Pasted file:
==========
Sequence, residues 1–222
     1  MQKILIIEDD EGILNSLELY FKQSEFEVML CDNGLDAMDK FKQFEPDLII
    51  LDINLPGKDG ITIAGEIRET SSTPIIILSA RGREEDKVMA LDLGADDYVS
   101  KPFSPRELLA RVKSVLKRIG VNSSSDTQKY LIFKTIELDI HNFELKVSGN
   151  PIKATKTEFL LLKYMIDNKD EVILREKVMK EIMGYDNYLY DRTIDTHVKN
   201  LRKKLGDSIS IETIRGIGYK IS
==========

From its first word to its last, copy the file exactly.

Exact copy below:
Sequence, residues 1–222
     1  MQKILIIEDD EGILNSLELY FKQSEFEVML CDNGLDAMDK FKQFEPDLII
    51  LDINLPGKDG ITIAGEIRET SSTPIIILSA RGREEDKVMA LDLGADDYVS
   101  KPFSPRELLA RVKSVLKRIG VNSSSDTQKY LIFKTIELDI HNFELKVSGN
   151  PIKATKTEFL LLKYMIDNKD EVILREKVMK EIMGYDNYLY DRTIDTHVKN
   201  LRKKLGDSIS IETIRGIGYK IS